* The first time you make a recipe, prepare it exactly as it's written. Ms. Braker warned that your own prejudices shouldn't influence you. For instance, if you don't like salt, she said, don't be tempted to omit it. If it calls for flavors you think you don't like, make a different recipe rather than improvising.

"Once you know how the recipe is meant to taste, there's room to make changes, but until you have a frame of reference, there's nothing to build on," she said.

* Start with high-quality ingredients and use exactly what's called for. For example, the size of the eggs, whether butter is salted or unsalted and the type of milk make a big difference in the taste and success of the final product.

"It was an enormous shock to me when I was able to get unsalted butter," Ms. Braker said. "For the first time, I was able to isolate and really taste delicate flavors like orange rind and vanilla."

* Read the recipe before you begin. Assemble all the ingredients and equipment you'll need.

* Ms. Braker's preference is to measure ingredients such as flour and sugar by weight instead of volume because it's more precise. She admitted, though, that most cooks won't do this. But, she said, if you measure everything by volume, the margin of error will be consistent and, therefore, compensated for.

* Follow the directions. If it says to sift the flour and leavening three times or to beat the sugar and butter 8 minutes, do exactly that.

"I want people to be able to make the best possible cake in the world and that's how I write instructions," Ms. Braker said. "If you only beat for 2 minutes, your cake will be fine but it won't be as good as it can be. It's not a matter of right or wrong but of good, better, best."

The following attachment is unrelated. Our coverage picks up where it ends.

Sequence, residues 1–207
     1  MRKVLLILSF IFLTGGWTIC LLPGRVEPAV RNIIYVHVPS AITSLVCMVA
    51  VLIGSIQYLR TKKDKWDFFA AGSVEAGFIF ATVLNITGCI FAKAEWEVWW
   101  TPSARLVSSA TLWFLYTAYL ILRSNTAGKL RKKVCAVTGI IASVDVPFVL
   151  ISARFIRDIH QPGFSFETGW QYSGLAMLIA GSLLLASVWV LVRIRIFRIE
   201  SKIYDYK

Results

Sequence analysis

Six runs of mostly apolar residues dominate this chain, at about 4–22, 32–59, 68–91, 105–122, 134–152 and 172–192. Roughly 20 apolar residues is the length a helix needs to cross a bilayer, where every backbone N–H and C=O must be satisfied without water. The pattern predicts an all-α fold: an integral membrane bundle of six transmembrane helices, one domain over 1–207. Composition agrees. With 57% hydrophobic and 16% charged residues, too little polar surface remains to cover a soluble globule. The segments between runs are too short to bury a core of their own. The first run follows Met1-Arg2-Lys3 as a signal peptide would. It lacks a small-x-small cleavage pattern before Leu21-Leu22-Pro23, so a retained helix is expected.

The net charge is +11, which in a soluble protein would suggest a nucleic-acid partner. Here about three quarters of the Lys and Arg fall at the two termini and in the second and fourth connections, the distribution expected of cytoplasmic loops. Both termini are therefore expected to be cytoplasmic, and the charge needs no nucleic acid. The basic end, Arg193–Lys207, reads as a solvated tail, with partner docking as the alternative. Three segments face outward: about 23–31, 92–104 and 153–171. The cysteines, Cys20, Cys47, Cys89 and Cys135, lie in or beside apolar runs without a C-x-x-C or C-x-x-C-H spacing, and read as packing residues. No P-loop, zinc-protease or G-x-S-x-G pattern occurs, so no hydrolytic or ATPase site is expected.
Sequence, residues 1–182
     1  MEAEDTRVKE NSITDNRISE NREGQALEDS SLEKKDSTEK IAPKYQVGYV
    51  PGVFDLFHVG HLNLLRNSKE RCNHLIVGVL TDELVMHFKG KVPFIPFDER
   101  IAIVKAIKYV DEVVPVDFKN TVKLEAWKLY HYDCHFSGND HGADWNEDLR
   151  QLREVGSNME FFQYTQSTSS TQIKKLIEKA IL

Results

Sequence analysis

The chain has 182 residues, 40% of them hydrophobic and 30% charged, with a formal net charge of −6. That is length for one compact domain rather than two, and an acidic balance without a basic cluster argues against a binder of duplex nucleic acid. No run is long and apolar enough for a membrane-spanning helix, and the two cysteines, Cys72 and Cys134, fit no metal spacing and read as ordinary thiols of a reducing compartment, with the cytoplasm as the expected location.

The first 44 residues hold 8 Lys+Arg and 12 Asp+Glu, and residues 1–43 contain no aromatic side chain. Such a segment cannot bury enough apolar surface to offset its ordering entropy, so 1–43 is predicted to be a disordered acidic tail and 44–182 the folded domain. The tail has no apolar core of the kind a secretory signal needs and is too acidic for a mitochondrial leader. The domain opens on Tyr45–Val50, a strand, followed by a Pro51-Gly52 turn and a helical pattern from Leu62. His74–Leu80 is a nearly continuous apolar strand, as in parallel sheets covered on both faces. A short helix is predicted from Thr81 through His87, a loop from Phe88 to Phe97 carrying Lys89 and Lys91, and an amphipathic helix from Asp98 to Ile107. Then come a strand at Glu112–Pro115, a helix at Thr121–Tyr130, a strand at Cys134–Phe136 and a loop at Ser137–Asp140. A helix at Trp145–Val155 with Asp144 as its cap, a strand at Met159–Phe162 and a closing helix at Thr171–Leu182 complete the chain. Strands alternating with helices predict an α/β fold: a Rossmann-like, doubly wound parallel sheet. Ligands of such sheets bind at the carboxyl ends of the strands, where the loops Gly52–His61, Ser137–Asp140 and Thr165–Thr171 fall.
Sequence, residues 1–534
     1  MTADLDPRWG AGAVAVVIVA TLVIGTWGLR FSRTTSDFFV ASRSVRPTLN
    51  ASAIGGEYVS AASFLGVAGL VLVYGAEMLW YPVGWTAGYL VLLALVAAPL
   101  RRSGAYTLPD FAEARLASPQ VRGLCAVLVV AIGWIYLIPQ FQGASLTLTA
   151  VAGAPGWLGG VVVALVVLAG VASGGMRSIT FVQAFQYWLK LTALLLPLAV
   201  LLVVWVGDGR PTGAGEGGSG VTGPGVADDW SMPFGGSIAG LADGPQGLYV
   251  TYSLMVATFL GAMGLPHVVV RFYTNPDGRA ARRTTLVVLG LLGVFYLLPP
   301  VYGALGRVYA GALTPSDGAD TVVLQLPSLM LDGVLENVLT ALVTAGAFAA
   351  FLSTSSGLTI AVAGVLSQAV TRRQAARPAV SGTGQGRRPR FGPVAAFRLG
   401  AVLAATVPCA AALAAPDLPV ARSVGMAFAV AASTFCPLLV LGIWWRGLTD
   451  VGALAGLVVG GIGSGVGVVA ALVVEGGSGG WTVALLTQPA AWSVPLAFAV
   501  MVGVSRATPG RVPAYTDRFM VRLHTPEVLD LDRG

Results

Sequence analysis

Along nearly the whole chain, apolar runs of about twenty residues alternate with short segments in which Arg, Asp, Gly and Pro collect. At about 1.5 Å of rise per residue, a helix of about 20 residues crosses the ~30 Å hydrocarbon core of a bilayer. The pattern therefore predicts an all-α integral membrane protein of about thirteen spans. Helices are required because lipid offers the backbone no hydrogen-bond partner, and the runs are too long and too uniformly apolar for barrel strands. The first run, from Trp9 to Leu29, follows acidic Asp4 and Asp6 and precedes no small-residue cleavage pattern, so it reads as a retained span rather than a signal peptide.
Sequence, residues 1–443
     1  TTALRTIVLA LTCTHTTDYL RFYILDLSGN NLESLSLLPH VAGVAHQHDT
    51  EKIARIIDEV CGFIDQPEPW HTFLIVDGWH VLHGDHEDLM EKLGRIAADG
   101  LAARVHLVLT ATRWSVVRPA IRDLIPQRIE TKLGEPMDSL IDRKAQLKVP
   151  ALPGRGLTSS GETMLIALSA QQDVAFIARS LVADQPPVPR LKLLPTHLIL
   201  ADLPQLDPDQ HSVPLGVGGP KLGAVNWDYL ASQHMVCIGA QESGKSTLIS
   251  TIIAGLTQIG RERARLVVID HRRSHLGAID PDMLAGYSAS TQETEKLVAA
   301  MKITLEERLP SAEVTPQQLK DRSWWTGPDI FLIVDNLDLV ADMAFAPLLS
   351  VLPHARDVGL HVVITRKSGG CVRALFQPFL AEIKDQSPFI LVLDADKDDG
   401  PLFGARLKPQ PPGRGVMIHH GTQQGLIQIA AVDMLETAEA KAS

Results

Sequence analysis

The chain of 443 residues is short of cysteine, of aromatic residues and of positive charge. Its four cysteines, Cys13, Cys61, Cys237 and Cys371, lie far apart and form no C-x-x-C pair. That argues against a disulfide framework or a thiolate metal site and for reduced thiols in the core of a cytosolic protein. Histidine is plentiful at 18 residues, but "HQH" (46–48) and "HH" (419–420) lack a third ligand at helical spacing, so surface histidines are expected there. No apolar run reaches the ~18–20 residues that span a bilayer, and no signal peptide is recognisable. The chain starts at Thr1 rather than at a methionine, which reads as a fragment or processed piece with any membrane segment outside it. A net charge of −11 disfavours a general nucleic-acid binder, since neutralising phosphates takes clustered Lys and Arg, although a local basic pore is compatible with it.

* Make sure the pan, including all the nooks and crannies, is thoroughly greased. Ms. Braker swears by the old-fashioned method of using solid vegetable shortening rather than spray-on coatings. Cakes release more easily from the pan and have a more evenly colored crust.

* Although the toothpick test for doneness is most common, Ms. Braker said that a cake can be overdone by the time the toothpick comes out clean. A better gauge is when the cake just begins to pull away from the sides of the pan.

* Let the cake cool in the pan for about 10 minutes before removing it. Then, cool it completely on a wire cooling rack before frosting it.

* "Professionals always freeze layers before frosting them," Mrs. Braker said. "When they're frozen, they're much easier to work with. They'll thaw pretty quickly with the icing on."

* Wisdom comes from experience. Although the supply of enticing cake recipes is seemingly endless, Ms. Braker said, a cook has to master only a few basic ones. "You'll be very accomplished and people will think you're a genius."

She also suggested writing notes on every recipe you make: whether you liked it, what pan you used, if it baked as directed and so on. "This starts a long process of learning and perfecting."

Ms. Braker said that anyone, even if he has never done so much as added eggs and water to a boxed mix, can go forth confidently.

"If you follow the instructions, almost anything you get probably will be very good," she said. "And certainly, it will be better than a package."